We just finished the third of four parts in a series on sex and relationships with my students. This sermon was about boundaries. I started by telling about my dog. When he was a puppy we tried keeping him in the house and letting him out to go potty. This worked well for the first couple of weeks but then he wanted to go explore. He found many ways out of the fence so we had to train him to stay in the yard. He was young and never wandered far until one day he came in limping. He had escaped from the yard and, according to a neighbor, went with some boys with sticks over the hill where no one could see. His leg was broken and needed to be set by the vet. It is still painful for him. We tried chaining him when he was outside and eventually tried resorting to a radio fence. This worked for a while. The first time he was shocked he was terrified. He never wanted to cross the line even with me taking him into his territory. He would stay far from the boundary, but then he would push the edges get zapped and then get scared. Eventually, though, he started running through. We raised the level and it stopped him. Then the process happened again and again until it was no longer effective.
Then we did something crazy. I started taking him out on the leash and walking him through places he was supposed to go and then walked him out without the leash and called to him. He loves and respects me. He stopped worrying about his boundaries and focused more on me. Now I can let him loose and he doesn’t run off. He comes when I call and enjoys his new freedom.
I related this to our moral fences. That we have specific boundaries we need to stay in our we get hurt. Many times we try everything to keep ourselves or others inside the moral fences but God wants us to love and honor Him. He wants us to cherish Him and focus on what He is calling us too.
I focused on several issues about moral boundaries, what happens when the cross them, and then gave some interesting questions we often don’t ask. Am I ready to date? How many students actually ask if they are ready for that? I also introduced an idea about how the Bible deals with the question of what can we do before marriage. It doesn’t spend a lot of time really spelling this out, but it does basically break relationships into two categories. Within marriage and outside of marriage. If I’m with a woman I’m not married to what would be appropriate for us to do together? Work together in a group setting? Sure. Spend time alone over dinner after a work project. Not so good. Shake her hand or give a short side hug? Go right ahead. Lingering hugs, kissing, making out … yeah, that’s starting to get obvious. What about a couple that isn’t married then? The Bible doesn’t really show a difference before marriage. The same “you aren’t married” rules apply.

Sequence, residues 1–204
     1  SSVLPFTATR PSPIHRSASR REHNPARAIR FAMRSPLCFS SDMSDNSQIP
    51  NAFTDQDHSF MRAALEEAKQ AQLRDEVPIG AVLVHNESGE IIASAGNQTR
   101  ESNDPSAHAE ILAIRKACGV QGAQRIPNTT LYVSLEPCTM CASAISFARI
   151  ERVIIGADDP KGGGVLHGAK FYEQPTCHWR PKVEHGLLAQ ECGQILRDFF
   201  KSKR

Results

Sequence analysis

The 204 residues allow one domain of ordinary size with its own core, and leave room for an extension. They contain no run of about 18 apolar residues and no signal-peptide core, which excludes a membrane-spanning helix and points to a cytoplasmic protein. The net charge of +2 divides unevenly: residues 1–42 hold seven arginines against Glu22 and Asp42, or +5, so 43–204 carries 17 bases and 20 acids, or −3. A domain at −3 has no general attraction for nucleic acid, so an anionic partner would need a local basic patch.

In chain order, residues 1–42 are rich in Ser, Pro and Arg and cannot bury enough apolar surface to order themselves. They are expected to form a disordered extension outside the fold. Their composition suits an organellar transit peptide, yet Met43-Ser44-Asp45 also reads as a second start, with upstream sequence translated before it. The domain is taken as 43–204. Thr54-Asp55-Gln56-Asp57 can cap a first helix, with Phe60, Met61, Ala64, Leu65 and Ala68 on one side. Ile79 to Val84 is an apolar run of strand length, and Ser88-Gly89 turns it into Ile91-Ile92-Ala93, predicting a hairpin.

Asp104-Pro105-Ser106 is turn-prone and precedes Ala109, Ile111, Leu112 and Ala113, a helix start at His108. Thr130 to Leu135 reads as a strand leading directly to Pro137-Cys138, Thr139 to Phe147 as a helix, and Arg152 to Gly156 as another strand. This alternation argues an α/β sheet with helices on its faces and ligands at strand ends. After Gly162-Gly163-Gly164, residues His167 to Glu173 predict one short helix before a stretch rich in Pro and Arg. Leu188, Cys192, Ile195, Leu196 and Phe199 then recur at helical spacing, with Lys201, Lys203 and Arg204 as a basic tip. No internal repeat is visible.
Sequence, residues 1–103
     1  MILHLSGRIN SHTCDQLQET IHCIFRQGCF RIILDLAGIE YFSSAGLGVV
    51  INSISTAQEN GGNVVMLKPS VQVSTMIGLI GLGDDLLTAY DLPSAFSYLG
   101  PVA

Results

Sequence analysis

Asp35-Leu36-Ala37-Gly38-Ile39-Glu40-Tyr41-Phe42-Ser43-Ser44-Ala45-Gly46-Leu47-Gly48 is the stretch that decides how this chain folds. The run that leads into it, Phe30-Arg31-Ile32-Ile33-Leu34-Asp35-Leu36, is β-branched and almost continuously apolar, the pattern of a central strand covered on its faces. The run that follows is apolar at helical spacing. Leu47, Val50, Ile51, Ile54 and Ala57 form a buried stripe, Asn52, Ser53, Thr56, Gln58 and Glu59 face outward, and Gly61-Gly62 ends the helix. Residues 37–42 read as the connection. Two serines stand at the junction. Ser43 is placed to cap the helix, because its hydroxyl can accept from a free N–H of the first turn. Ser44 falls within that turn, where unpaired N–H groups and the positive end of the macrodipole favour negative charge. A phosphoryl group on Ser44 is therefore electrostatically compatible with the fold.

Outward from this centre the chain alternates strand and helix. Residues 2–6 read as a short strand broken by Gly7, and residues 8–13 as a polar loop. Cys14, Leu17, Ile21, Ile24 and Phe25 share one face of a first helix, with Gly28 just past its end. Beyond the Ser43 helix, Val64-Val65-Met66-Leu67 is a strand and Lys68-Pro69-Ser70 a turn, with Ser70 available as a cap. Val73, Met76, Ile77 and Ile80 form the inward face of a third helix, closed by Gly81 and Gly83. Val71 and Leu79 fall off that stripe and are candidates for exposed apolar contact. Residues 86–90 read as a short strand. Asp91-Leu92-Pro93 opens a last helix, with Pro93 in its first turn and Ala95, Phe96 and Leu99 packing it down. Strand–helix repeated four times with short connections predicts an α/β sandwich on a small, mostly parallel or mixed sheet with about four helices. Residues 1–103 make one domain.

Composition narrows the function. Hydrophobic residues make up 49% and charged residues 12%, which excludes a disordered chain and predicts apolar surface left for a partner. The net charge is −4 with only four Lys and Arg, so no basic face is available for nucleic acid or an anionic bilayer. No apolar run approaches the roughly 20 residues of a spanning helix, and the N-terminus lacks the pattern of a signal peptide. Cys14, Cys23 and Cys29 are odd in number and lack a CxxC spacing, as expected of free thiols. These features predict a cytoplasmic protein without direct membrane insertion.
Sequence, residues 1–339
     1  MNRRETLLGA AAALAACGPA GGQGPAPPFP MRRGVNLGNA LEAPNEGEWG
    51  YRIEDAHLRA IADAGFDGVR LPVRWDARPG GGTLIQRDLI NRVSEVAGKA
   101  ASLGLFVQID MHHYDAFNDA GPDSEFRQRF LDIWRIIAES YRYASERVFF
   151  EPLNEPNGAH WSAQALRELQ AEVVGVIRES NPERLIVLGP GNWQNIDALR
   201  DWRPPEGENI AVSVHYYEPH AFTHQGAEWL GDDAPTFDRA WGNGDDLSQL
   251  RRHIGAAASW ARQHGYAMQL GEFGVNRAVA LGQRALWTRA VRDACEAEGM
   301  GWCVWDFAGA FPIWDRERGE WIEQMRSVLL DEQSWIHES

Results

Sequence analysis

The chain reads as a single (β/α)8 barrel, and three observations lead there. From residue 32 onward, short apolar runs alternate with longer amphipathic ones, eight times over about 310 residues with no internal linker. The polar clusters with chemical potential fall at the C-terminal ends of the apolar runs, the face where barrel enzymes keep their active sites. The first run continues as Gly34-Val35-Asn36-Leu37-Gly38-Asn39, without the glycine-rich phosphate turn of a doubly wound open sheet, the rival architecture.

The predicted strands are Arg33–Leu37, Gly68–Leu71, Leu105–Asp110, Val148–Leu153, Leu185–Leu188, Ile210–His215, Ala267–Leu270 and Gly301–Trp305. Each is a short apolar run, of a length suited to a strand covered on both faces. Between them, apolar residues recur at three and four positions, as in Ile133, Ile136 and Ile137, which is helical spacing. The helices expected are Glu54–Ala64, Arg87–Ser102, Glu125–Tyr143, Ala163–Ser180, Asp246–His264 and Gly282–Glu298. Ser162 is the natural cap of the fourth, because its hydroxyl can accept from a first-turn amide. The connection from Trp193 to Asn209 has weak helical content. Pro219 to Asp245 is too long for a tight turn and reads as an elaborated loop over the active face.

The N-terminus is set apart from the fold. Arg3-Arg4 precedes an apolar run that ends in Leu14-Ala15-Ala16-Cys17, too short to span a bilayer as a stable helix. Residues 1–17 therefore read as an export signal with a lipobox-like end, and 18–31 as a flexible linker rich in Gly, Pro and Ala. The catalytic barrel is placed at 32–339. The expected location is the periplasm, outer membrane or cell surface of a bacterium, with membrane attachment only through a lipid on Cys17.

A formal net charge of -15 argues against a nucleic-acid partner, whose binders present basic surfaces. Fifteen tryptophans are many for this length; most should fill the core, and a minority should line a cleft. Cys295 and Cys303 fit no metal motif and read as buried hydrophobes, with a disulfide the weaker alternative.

Some of the students were being pretty rowdy tonight and things took a lot longer to get through. One young man was being a constant distraction. Even at the end when almost everyone else was paying attention he was laughing and making various shapes with his hand towards people around the room. I asked him to settle down many times, but it got to the point after he was ignoring some of my leaders who asked him to stop that I asked him to step out.
I don’t feel bad that I asked him to step out. He was being a distraction at a time when I could tell several people were really keying in. I do feel bad about the way I did it. One of my leaders has tried assuring me that I did fine, and I know I can be really critical of myself. I felt like a jerk telling him to step out. After the fact I wish I had put the mic down and went to talk to him about leaving instead of telling him via the mic in front of everyone like that.
Youth pastors, have you ever had to ask a student to step out? How did you handle it? Others, how would you handle this?